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and when flourishing under the countenance of the best friends of religion, learning, and liberty in the state; she cannot but promise herself the continued patronage of the evening of that life, which divine Providence has so eminently distinguished.
May the same indulgent Providence yet continue your protracted life, enriched and crowned with the best of blessings, to nurse and cherish this favorite child of your youth; that the future sons of science in this western world may have additional reason to remember the name of FRANKLIN with gratitude and pleasure.
Signed, in the name and by order of the Faculty, by JOHN EWING, Provost.
Philadelphia, September 16th, 1785.
DR. FRANKLIN'S ANSWER.
I am greatly obliged, Gentlemen, by your kind congratulations on my safe arrival.
It gives me extreme pleasure to find, that seminaries of learning are increasing in America, and particularly that the University over which you preside, continues to flourish. My best wishes will always attend it.
The instruction of youth is one of those employments, which to the public are most useful; it ought, therefore, to be esteemed among the most honorable. Its successful exercise does not, however, always meet with the reward it merits, except in the satisfaction of having contributed to the forming of virtuous and able men for the service of their country.
PROPOSALS FOR CONSIDERATION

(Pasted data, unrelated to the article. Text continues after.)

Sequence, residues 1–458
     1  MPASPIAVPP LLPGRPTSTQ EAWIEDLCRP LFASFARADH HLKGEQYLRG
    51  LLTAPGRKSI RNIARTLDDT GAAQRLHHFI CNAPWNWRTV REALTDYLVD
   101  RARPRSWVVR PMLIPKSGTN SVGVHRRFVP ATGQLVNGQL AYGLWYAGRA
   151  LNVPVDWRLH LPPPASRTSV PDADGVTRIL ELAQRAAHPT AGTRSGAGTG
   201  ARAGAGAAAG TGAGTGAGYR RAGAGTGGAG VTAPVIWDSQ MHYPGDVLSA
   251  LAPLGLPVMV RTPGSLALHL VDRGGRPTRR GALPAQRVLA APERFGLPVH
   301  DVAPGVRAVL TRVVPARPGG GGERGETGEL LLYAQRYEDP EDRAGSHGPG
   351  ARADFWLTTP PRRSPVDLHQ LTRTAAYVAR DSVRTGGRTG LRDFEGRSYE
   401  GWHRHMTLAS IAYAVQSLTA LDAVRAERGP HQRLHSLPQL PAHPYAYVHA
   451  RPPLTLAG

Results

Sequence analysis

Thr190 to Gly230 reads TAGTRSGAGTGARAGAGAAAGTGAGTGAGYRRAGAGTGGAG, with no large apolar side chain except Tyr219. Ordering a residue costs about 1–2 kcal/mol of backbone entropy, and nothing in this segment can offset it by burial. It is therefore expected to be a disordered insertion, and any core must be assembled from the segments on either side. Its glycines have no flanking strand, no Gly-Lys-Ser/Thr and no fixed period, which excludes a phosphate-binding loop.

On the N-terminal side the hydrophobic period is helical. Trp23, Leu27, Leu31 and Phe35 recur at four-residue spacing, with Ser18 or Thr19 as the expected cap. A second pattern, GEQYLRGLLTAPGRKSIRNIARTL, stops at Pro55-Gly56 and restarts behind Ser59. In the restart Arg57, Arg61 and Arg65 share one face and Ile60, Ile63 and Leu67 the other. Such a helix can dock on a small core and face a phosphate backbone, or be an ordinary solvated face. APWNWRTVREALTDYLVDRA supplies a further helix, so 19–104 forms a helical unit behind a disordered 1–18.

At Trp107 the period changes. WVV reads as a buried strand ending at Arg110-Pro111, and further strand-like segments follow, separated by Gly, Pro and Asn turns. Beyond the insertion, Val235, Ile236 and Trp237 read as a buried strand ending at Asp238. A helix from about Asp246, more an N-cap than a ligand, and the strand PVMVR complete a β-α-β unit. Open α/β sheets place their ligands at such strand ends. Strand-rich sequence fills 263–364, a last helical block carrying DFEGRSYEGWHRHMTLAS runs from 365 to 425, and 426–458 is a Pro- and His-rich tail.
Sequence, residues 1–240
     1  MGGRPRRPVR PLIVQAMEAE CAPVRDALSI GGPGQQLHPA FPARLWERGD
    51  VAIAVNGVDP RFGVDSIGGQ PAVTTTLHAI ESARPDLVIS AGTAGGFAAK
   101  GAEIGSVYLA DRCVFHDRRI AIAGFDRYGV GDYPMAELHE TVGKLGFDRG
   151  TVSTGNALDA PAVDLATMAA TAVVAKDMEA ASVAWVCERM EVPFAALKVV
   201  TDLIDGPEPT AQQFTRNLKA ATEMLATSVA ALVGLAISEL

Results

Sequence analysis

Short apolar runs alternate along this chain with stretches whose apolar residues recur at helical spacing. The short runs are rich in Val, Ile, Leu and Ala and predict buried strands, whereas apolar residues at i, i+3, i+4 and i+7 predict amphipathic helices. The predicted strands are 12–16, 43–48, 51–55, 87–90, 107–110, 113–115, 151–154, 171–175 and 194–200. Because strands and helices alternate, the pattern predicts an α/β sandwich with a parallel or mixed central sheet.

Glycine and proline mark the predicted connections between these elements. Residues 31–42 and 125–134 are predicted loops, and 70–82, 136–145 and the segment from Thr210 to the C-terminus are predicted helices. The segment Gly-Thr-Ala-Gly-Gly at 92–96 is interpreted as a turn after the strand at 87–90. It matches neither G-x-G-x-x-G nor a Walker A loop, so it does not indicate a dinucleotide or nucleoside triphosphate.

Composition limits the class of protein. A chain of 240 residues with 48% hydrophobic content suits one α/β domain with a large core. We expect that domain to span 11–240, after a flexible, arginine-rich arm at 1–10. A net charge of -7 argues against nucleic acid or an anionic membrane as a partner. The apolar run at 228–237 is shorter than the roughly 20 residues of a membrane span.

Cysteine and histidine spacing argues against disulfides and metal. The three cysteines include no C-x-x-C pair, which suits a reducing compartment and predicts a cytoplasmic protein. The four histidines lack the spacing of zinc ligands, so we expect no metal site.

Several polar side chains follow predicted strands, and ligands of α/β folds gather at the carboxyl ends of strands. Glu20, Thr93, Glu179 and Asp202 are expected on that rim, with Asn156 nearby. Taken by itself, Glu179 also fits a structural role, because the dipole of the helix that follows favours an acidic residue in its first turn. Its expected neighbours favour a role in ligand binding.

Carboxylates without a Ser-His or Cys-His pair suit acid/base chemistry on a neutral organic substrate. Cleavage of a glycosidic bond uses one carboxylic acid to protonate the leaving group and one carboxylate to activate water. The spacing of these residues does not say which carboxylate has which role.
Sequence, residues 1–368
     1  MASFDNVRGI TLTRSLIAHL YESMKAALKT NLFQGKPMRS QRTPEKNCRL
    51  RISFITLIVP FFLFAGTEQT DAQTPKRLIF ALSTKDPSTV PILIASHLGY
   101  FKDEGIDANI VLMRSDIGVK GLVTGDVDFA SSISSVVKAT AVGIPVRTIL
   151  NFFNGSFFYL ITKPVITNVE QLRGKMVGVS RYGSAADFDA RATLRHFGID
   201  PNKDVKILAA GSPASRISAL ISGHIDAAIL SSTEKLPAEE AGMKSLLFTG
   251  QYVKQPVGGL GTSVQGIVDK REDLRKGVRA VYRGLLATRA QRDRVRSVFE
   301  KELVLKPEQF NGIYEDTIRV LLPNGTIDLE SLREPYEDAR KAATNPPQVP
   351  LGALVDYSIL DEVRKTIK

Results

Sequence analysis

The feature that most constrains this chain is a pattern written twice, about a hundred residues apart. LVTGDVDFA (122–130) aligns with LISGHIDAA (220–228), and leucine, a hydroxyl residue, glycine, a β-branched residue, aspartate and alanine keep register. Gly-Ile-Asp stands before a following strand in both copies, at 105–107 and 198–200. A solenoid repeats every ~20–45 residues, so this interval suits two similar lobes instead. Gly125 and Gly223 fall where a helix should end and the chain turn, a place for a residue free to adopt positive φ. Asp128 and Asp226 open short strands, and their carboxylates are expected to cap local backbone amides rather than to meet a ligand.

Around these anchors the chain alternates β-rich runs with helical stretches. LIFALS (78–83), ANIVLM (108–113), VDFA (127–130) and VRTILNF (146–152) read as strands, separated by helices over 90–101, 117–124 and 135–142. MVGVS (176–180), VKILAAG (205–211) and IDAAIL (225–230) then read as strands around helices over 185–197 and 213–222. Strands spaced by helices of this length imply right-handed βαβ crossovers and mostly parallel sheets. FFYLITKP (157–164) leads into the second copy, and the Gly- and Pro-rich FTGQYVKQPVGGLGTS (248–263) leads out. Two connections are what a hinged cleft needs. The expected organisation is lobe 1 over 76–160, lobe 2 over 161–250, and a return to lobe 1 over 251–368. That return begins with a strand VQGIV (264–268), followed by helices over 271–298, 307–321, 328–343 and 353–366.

IN THE CONVENTION FOR FORMING THE CONSTITUTION OF THE UNITED STATES.
June 26th, 1787.
THAT the legislatures of the several States shall choose and send an equal number of delegates, namely, who are to compose the second branch of
the general legislature.
That, in all cases or questions wherein the sovereignties of the individual States may be affected, or whereby their authority over their own citizens may be diminished, or the authority of the general government within the several States augmented, each State shall have equal suffrage.
That, in the appointment of all civil officers of the general government, in the election of whom the second branch may, by the Constitution, have part, each State shall have equal suffrage.
That, in fixing the salaries of such officers, in all allowances for public services, and generally in all appropriations and dispositions of money, to be drawn out of the general treasury, and in all laws for supplying the treasury, the delegates of the several States shall have suffrage in proportion to the sums their respective States had actually contributed to that treasury from their taxes or internal excises.
That, in case general duties should be laid by impost on goods imported, a liberal estimation shall be made of the amount of such impost paid in the price of the
commodities by those States that import but little, and a proportionate addition shall be allowed of suffrage to such States, and an equal diminution of the suffrage of the States importing.
THE steady course of public measures is most probably to be expected from a number.
A single person's measures may be good. The successor often differs in opinion of those measures, and adopts others; often is ambitious of distinguishing himself by opposing them, and offering new projects. One is peaceably disposed; another may be fond of war, &c. Hence foreign States can never have that confidence in the treaties or friendship of such a government, as in that which is conducted by a number.
The single head may be sick; who is to conduct the public affairs in that case? When he dies, who are to conduct till a new election? If a council, why not continue them? Shall we not be harassed with factions for the election of successors; and become, like Poland, weak from our dissensions?